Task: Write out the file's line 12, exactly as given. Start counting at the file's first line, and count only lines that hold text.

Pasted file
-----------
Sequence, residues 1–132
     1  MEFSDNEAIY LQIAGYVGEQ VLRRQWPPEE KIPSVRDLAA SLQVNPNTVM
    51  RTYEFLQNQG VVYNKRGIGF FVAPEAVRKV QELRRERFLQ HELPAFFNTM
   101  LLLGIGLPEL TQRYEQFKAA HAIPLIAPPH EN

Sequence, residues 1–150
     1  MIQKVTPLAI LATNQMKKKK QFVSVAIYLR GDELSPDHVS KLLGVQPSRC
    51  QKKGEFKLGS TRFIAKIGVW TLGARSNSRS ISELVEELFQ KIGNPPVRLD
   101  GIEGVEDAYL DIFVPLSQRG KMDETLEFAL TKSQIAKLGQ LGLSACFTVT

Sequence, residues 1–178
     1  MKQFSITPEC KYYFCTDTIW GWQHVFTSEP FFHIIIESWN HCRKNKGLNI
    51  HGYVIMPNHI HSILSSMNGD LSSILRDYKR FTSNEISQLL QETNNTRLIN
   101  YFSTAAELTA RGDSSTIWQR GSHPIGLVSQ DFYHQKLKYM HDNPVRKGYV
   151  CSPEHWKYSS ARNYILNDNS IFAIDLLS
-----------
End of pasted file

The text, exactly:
   101  YFSTAAELTA RGDSSTIWQR GSHPIGLVSQ DFYHQKLKYM HDNPVRKGYV